Scientists are predicting a "dead zone" near the Gulf of Mexico, where water contains little oxygen to sustain marine life.
"An important contributing factor to the large dead zone this year is the abnormally high amount of spring rains in many parts of the Mississippi River basin," the National Oceanic and Atmospheric Administration said in a statement Monday. This has led to record quantities of water carrying large amounts of fertilizer and other nutrients downstream, he said.
Nutrients feed algae, which die and decompose on the seabed, using oxygen from the bottom up in an area along the coasts of Louisiana and Texas.
The area of low oxygen or hypoxia will likely cover about 20,200 square kilometers – roughly the size of Slovenia or the entire land in Massachusetts, NOAA said. A Louisiana team estimated that the dead zone would be 22,560 square kilometers.
It will be measured during an annual July cruise by Nancy Rabalais of the Louisiana Universities Marine Consortium.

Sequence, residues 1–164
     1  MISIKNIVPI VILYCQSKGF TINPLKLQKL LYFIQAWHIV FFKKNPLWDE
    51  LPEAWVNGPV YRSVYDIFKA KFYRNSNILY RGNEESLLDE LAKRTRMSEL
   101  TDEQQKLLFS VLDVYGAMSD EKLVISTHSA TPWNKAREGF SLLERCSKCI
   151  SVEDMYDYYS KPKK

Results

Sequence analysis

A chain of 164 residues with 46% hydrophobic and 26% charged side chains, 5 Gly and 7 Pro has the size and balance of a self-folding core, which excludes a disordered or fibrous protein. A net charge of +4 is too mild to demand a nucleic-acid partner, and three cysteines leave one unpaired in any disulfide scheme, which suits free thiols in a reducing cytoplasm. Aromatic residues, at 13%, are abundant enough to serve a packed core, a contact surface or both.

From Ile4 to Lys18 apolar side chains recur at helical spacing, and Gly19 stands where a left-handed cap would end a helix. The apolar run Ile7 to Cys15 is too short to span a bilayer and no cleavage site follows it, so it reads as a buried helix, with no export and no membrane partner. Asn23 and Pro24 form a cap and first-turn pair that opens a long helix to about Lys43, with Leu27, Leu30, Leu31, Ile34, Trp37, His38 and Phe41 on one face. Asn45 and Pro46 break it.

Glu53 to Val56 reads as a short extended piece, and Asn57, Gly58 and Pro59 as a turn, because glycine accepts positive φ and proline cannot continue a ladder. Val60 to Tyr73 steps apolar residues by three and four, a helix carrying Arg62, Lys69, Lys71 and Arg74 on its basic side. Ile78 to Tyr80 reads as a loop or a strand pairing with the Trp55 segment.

The record set in 2017 is 8,776 square miles (22,700 square kilometers).
Scientists have previously said that widespread flooding has made likely a large dead zone this year.
A federal, tribal and state agency task force from 12 of the 31 states that make up the Mississippi River Basin has set a goal for nearly two decades to reduce the dead zone from an average of about 15,000 square miles to an average of 1,900 4,900).
"Although this year's area is larger than normal due to flooding, the long-term trend is still not changing," said Don Scavia, a University of Michigan aquatic ecologist, Emeritus Professor at the School of Environment and Sustainability. "What is important is that we will never achieve the 1,900 square mile dead zone reduction goal until more serious action is taken to reduce the loss of West Midwest fertilizer in the Mississippi River system."
Rabalais has measured the hypoxic zone since 1985.
Storms prior to the last year's mapping cruise have reduced this hypoxic zone to about 7,040 square kilometers, about 40 percent of the average size predicted and among the lowest recorded.
This story clarifies that the NOAA forecast is an area roughly the size of the land in Massachusetts and removes the incorrect reference to the size of Turkey.